Cookies & Conversations bakery looks to help build meaningful relationships
CHICAGO (CBS) -- It's Foodie Friday, and today we are highlighting a bakery where it's okay to talk with your mouth full.
Cookies & Conversations, in the Pilsen neighborhood, is a small Black-owned business that's currently operating as a one-woman show.
Founder and owner Leah Tibbs is using her sweet desserts to foster relationships worth savoring.
Tibbs does it all – from pop-ups to deliveries to cooking classes – and she's doing more than just selling desserts, she's trying to get us to talk to each other again.
"Visually, it just started off as a cookie box type of situation, where I want people to experience each other," she said. "That in-person connection is really what it's about."
Tibbs' cookies were inspired by the lack of connection she noticed between groups of people who were spending time together, but who were ultimately disconnected.
"It was actually a direct response to going outside, and seeing folks go out to eat, everybody would be on their phone. .. We need to interact and engage, and the way that we usually do so is over food," Tibbs said. "So I created a product that had cookie-making, snacks, tea, conversation cards for you to enjoy each other's company and bake together."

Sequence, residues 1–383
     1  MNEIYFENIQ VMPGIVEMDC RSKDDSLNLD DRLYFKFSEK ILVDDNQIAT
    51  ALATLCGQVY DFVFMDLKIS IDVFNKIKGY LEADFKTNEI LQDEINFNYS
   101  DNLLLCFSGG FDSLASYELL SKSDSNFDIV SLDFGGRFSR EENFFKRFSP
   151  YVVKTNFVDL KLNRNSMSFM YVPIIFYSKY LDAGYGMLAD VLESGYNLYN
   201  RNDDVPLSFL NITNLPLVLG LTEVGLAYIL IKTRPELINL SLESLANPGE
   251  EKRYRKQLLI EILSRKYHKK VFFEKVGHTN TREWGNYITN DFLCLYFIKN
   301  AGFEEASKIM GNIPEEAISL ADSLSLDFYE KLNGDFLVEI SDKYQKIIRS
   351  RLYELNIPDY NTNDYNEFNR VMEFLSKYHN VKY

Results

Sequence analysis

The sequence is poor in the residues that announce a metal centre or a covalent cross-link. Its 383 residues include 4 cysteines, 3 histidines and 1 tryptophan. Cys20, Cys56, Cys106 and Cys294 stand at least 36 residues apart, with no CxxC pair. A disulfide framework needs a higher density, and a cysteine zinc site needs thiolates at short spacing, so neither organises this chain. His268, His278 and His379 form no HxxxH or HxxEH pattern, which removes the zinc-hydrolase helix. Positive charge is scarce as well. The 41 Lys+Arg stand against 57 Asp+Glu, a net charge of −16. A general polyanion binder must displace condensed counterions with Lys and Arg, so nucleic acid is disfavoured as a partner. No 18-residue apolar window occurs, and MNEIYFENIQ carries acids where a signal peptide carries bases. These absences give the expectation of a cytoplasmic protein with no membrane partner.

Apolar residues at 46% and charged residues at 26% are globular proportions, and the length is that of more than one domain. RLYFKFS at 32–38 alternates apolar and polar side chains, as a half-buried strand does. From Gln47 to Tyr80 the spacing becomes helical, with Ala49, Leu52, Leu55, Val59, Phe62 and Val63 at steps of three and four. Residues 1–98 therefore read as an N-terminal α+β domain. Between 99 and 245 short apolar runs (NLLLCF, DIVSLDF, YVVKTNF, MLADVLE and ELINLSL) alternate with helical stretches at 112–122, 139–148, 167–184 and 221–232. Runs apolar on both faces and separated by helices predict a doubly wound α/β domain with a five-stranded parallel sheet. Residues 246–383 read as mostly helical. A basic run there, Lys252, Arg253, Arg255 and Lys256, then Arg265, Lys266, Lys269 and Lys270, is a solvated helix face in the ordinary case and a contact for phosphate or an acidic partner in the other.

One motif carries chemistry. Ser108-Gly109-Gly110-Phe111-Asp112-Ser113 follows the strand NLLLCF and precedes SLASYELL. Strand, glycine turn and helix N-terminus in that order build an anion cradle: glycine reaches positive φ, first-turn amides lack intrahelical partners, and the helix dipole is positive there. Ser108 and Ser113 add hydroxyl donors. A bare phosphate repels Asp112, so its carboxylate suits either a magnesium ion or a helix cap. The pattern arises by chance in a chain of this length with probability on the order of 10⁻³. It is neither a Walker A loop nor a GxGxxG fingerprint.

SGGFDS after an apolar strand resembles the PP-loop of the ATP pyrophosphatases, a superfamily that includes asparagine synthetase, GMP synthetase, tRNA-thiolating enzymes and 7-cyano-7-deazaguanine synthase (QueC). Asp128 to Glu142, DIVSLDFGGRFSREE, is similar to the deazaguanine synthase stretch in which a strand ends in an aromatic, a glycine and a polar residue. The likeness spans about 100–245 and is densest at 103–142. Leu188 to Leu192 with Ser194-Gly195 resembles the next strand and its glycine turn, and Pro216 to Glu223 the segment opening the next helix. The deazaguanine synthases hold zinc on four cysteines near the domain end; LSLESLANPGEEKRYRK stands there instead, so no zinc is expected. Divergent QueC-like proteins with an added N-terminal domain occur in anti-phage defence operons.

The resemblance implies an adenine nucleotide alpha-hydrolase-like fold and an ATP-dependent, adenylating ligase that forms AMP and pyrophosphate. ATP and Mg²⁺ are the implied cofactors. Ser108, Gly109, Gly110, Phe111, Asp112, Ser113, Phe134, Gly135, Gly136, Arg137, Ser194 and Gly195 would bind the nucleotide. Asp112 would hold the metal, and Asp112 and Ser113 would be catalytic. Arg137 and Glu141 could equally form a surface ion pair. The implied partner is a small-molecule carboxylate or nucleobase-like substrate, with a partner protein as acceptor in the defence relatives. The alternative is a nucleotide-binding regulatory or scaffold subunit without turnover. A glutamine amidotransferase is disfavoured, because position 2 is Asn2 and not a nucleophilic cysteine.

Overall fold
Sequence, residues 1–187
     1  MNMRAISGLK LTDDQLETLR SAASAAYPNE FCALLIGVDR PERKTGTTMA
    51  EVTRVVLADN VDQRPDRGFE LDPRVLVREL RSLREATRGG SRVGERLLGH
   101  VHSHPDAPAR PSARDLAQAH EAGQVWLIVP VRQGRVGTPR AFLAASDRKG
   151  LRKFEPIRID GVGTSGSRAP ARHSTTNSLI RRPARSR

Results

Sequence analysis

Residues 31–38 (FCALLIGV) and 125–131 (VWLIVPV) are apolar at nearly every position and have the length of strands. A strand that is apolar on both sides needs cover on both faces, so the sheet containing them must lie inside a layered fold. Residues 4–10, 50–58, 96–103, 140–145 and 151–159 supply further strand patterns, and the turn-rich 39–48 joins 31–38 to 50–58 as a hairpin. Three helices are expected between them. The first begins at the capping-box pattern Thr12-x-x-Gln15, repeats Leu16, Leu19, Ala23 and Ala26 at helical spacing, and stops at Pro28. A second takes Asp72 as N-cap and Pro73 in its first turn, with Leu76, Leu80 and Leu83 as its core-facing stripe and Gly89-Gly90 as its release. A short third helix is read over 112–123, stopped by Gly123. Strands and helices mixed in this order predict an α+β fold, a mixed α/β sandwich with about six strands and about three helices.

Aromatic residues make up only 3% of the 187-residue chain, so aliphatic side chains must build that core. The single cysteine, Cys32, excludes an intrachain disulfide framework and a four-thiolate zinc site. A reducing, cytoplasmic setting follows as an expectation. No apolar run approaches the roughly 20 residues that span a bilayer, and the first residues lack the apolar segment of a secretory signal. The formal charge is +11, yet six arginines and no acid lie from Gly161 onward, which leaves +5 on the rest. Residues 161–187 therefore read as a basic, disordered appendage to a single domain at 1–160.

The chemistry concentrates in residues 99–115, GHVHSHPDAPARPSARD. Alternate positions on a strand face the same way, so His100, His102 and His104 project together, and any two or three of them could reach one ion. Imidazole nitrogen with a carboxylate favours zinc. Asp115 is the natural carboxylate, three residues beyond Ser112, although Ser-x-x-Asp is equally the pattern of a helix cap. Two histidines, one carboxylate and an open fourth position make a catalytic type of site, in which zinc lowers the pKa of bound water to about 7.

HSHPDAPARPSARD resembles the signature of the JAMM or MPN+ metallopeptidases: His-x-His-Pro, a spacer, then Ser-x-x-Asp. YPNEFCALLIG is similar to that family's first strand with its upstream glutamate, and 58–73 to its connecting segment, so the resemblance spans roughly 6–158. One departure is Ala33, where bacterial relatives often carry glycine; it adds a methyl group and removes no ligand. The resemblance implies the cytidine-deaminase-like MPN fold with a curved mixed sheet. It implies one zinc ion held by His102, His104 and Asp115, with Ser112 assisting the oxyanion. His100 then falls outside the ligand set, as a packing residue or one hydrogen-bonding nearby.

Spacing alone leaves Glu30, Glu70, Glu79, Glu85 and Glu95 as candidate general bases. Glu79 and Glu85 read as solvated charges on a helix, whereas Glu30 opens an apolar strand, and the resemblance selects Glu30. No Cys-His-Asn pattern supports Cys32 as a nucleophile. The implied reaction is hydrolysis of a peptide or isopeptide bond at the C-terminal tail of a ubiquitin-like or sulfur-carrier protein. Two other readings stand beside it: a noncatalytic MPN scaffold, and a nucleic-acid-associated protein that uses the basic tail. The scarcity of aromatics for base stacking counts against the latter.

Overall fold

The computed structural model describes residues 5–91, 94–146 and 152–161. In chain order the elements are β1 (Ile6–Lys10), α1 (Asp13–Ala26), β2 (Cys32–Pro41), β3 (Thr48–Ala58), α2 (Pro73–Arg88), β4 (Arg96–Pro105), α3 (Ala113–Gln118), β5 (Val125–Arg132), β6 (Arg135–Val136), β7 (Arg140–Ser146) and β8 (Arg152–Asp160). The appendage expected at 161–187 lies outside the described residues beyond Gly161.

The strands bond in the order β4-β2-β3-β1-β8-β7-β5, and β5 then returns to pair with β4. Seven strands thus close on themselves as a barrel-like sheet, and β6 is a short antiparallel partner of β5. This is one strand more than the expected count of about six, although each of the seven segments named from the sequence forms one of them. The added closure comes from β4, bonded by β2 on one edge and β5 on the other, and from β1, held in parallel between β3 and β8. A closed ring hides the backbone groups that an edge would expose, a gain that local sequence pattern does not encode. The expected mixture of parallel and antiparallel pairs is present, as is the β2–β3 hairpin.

Her company has since grown to include a myriad of different cookie-centric activities, aimed toward getting people to slow down and spend a bit of time with one another.
"Being able to share a dessert, share a treat, especially something that's made with love, allows you for that opportunity to experience time and space with someone else," she said.
Tibbs offers classes, caters events, plans pop-ups, hosts children's programming, and of course hand-delivers her delicious cookies. With an extensive and constantly rotating menu, Tibbs aims to make something for everyone.
"Utilizing cookies and just food as a form of communication, and as a way to share," she said.
Tibbs said she can serve as an example for those who might be questioning whether being a small business owner is even a possibility.
"I basically left my job in 2018 to pursue my dreams, and things have found a way to make it," she said. "I spent all that money on college degree. I'm not using it. So why not just go ahead and pursue my dream? If it works, great. If it doesn't, it's okay."
Tibbs hosts a monthly cookie talk at her shop at 2150 S. Canalport Ave. on the last Tuesday of every month. Anyone is invited to stop by for cookies and stay for the conversations.
for more features.